All of these assertions deserve to be fully investigated. But one thing remains absolutely undeniable: the Capitol and D.C. police were the only thing standing between the insurrectionists and the elected representatives and senators trapped in the Capitol building on Jan. 6. Had it not been for the presence and efforts of most of these officers, many of the Trump-supporting thugs who violently smashed their way through glass doors for the sole purpose of finding these officials would have inflicted violence on those same officials. Absent the police, some of these representatives and senators would almost certainly have been killed or otherwise assaulted by the members of this uncontrolled mob.

One other thing is clear: about 140 Capitol and D.C. police officers suffered injury in their efforts to repulse the attack on Jan. 6. Some of them were so gravely injured, both mentally and physically, that they may never return to work as police officers. Others find themselves now disabled from injuries inflicted during the melee on that day or stricken with PTSD more reminiscent of the wartime experience of Vietnam or Iraq veterans who have seen close combat. 

Many of those injured as a result of the events at the Capitol will doubtlessly be called as witnesses by the select committee now formed to investigate the cause of the insurrection.They will be asked about the extent of their injuries, and how they received those injuries. So here is one simple question that members of that committee should ask each and every one of these officers, preferably at the close of their testimony:

Did President Donald Trump ever contact you to apologize, or express his sympathy, gratitude or appreciation for your sacrifice?

I’m quite certain the answer of each of these officers will be “no.”

This weekend the Washington Post ‘s Peter Hermann highlighted the extent of injuries sustained by several officers defending against the attacks. As Hermann reports, these officers were “bludgeoned with poles and bats, pushed and trampled, and sprayed with chemical irritants.” Others were struck, often in the head, by thrown objects. One who was knocked unconscious could “barely walk, barely talk” in the days following the attacks, and is still out of work, having suffered a severe concussion. Several officers now suffer from ongoing neurological problems after being assaulted with such objects:

Some officers who were assaulted Jan. 6 experienced different or worsening symptoms in the weeks and months that followed, indicating they may have suffered injuries more severe than had initially been believed, in particular undiagnosed head trauma, according to a therapist who has seen hundreds of D.C. officers. She thinks others who emerged exhausted and sore may not have reported injuries, or even recognized they needed medical care.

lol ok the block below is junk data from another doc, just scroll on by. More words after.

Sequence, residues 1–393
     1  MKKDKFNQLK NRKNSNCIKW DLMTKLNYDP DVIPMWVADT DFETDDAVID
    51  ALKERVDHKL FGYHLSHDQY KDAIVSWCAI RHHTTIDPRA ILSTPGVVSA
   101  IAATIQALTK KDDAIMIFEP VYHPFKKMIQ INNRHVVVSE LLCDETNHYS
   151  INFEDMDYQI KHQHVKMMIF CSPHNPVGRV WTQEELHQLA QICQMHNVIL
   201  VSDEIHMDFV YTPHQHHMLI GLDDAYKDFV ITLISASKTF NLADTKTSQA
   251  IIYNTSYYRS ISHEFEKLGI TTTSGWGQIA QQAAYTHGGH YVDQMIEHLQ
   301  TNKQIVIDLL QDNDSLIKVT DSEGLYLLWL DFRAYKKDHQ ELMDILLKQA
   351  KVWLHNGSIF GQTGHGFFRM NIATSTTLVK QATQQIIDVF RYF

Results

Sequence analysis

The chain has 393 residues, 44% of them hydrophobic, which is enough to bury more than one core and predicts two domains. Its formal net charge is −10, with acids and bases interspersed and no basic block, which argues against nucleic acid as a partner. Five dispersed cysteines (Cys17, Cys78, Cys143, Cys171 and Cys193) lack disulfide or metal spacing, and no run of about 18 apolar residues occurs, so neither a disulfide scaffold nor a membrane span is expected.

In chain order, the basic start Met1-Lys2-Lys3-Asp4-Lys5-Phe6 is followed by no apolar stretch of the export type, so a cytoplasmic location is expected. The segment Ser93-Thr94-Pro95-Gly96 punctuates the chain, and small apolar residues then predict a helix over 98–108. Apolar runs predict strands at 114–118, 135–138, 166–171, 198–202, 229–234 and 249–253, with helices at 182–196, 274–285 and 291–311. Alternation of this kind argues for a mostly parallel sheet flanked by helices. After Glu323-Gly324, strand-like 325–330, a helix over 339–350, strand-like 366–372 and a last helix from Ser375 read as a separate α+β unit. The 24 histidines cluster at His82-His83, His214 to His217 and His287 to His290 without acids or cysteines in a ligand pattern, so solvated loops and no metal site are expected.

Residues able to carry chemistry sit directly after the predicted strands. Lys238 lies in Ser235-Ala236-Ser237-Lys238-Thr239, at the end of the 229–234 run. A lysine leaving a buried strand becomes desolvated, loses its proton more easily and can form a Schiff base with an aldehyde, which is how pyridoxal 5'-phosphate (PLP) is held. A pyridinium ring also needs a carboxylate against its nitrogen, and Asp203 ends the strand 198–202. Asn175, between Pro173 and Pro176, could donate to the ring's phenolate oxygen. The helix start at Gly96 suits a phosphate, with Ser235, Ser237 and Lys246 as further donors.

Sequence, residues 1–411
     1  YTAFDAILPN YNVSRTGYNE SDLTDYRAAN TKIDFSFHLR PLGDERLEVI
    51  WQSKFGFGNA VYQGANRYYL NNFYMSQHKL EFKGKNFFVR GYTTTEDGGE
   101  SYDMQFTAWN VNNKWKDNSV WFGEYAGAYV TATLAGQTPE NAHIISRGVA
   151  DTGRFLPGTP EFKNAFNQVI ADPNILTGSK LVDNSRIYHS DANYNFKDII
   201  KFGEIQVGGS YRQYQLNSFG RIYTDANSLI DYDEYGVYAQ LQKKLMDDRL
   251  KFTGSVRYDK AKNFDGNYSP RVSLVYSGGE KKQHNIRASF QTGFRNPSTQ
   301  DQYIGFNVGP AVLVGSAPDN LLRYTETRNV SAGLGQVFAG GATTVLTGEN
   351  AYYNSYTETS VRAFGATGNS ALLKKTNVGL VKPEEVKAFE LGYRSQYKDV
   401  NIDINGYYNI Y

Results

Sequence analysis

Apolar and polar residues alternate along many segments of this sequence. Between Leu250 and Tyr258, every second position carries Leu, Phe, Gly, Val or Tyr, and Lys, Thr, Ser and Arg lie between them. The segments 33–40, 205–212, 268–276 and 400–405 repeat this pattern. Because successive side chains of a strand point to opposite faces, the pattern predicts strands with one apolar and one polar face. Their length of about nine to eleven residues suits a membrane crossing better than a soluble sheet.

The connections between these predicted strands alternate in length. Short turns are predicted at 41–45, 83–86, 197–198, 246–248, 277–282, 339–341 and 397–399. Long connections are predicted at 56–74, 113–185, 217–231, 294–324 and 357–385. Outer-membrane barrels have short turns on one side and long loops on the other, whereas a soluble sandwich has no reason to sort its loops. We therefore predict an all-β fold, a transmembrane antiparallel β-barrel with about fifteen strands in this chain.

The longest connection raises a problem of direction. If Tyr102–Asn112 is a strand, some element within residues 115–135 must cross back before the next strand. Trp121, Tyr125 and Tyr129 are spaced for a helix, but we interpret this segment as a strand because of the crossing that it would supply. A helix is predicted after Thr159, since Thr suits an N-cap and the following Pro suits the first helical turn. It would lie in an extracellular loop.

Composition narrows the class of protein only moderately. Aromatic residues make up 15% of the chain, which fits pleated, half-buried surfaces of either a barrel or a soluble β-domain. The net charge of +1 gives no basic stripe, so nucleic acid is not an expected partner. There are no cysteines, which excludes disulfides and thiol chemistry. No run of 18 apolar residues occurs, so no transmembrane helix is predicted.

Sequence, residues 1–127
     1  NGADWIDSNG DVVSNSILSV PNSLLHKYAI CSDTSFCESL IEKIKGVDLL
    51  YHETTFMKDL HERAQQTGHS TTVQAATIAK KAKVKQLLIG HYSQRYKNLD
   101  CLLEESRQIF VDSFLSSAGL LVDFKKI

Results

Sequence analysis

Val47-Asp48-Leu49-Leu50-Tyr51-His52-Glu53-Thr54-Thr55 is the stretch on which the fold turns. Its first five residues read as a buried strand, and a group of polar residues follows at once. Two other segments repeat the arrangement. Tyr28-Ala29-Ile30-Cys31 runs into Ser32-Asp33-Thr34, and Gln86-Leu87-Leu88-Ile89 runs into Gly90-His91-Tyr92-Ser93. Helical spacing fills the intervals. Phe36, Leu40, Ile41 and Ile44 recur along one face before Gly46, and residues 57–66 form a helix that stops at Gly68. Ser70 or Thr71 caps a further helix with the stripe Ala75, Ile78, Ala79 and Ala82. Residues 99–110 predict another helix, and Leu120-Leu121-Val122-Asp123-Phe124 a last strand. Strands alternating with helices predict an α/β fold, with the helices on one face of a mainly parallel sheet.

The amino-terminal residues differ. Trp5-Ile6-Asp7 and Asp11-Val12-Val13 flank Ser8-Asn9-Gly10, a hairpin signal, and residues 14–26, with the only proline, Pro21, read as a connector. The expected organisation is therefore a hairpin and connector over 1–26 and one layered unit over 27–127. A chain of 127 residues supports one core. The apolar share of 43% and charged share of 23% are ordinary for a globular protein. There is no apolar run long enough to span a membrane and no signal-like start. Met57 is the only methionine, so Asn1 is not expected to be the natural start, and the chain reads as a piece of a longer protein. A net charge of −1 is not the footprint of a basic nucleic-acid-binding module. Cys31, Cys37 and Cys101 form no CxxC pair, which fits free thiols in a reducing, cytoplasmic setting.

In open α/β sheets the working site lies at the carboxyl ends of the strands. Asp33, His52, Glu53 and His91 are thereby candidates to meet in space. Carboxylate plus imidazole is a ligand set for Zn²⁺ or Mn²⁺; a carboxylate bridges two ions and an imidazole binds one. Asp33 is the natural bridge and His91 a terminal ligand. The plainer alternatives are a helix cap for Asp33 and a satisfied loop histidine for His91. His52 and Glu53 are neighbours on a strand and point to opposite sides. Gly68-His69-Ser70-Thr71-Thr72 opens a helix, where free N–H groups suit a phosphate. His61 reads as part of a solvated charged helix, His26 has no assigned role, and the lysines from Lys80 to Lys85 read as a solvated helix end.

One officer, Brian Sicknick, succumbed to two successive strokes one day after being assaulted and pepper-sprayed by the Trump mob. Two officers have committed suicide as a result of mental and physical trauma sustained during the attacks. One turned in her weapon, fearing that she would use it on herself. According to their union, several officers present that day are unlikely to ever return to work due to physical injuries they sustained.

Other scars are less visible but no less real. One Black police officer, repeatedly vilified as a “n-----” by Trump’s supporters, screaming it in his face as they assaulted him, has undergone marked changes in his personality. Others have sustained emotional trauma that has impaired their ability to function and impacted their relationships with their spouses and families.

Officer Michael Fanone is already familiar to many. Beaten unconscious by the Trump-incited mob, he has spearheaded a personal effort to obtain recognition for the sacrifices of his fellow officers. Fanone’s post-hospitalization course is emblematic of other officers injured that day: debilitating headaches, nausea, and dizziness symptoms common to post-concussion survivors, along with cognitive impairment, nervousness, and anxiety more akin to sufferers of PTSD. For his efforts in defending the Capitol, Fanone was rewarded by Georgia Republican Rep. Andrew Clyde, who refused to shake his hand. when the two met in an elevator (Clyde had previously referred to the Capitol attacks as a “tourist visit”).

Another officer, Sgt. Aquilino Gonell, a veteran of the Iraq war, was interviewed by Hermann for the Post article:

Gonell fought on the Capitol’s West Terrace. He said he and his colleagues were called unpatriotic, scum, traitors and un-American. He didn’t know he had been struck with a speaker until he saw himself on a video.